I’m still hopeful that browser vendors will resolve all these issues with IndexedDB, although with the spec being over five years old, it sure feels like we’ve been waiting a long time. As someone who does both native and web development for a living, I’m tired of reciting a list of reasons why the web “isn’t quite there yet.” And IndexedDB has been too high on that list for too long.

IndexedDB was the web’s chance to finally get local storage right. It was the chosen one. It was supposed to lead us out of the morass of half-baked solutions and provide the best and fastest way to work with data on the client side. It’s come a long way, but I’m still waiting for it to make good on that original promise.


1: Yes, I’m ignoring cookies, the File API,, SessionStorage, the Service Worker cache, and probably a few other oddballs. There are actually lots of ways of storing data (too many in my opinion), but all of them have niche use cases except for LocalStorage, WebSQL, and IndexedDB.

2: In this article, when I say “Chrome,” “Firefox,” “Edge,” and “Safari”, I mean Chrome Canary 47, Firefox Developer Edition 43, Edge 20, and WebKit Nightly 10600.8.9. All tests were run on a 2013 MacBook Air; Edge was run in Windows 10 using Virtual Box.

3: This blog post used to suggest that the DOM was blocked for the entire duration of the transaction, but after an exchange with Ben Kelly I changed the wording to “nearly the entire duration.”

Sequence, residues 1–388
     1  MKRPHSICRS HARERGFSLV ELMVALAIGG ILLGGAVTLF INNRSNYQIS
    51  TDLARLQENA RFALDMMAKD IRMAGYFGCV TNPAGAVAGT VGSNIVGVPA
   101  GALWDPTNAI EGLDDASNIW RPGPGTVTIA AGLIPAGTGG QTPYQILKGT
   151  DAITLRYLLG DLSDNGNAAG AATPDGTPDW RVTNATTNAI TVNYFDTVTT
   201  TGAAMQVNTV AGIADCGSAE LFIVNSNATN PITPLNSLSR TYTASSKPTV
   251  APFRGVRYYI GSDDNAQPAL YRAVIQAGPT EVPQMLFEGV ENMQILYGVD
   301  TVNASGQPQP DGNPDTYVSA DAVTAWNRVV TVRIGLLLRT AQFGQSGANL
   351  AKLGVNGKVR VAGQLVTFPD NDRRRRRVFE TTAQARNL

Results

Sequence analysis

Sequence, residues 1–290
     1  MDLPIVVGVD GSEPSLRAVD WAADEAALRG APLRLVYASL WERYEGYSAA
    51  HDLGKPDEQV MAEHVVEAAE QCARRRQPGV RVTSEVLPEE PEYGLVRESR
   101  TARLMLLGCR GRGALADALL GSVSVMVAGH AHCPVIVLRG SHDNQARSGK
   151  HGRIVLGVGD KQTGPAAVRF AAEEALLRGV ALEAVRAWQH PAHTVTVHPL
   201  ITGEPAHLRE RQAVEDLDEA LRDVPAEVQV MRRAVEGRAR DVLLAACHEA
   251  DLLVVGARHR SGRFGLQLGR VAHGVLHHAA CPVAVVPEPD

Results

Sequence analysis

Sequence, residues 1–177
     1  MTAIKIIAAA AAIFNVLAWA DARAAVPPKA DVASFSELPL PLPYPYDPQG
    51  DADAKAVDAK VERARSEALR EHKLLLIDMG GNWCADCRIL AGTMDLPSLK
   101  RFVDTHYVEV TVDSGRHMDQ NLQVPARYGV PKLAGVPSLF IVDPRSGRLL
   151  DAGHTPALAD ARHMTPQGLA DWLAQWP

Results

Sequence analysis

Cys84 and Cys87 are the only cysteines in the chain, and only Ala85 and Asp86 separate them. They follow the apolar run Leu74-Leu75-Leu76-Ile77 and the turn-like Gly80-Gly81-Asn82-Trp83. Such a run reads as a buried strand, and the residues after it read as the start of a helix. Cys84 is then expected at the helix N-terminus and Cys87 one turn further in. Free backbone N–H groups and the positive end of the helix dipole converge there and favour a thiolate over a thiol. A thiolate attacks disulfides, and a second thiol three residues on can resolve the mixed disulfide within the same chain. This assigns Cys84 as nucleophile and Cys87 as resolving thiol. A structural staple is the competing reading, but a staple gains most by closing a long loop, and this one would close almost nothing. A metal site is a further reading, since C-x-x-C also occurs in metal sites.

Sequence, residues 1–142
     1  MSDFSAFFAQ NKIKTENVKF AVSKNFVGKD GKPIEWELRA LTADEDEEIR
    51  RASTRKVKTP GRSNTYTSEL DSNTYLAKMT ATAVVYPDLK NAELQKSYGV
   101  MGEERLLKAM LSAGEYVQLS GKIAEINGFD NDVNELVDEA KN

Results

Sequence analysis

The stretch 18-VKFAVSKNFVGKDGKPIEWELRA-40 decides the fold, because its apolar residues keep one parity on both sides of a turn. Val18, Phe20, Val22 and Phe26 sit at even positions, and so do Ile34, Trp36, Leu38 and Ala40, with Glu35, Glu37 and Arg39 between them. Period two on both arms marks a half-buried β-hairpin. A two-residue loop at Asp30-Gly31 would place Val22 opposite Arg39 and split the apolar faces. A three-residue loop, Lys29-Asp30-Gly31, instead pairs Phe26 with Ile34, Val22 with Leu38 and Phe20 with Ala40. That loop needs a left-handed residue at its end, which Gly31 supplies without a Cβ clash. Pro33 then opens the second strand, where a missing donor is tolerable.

Thanks to Dale Harvey for providing feedback on a draft of this blog post.

34 responses to this post.

  1. Great article, sad content ;(


  2. I want to comment on two statements you made that – technically – aren’t really the primary point of this article – I hope you don’t mind. If you do, just tell me to stfu and I’ll move on. ;)

    “Originally, the whole selling point of IndexedDB was that it would improve upon both LocalStorage and WebSQL,”

    “IndexedDB is the successor to both LocalStorage and WebSQL”

    Ignoring WebSQL for a moment (that awesome spec that was too easy to live, but whatever ;), to me, I’ve never thought of IDB as the “successor” to LocalStorage. To me, these 2 specs seem like very different features for different purposes. Yes, they both store data on the browser, but it seems like the use cases for both are so different that it isn’t that IDB is better or the successor, it is just different. I see LocalStorage as being excellent for simple settings and caching atomic pieces of data, while IDB has always felt like the storage system for dynamic data (i.e., I don’t know how big it is going to be).

    Obviously I can’t speak for what the folks behind the spec thought, but I see use in both types of storage and I don’t think it needs to be a “you must only use one” type thing.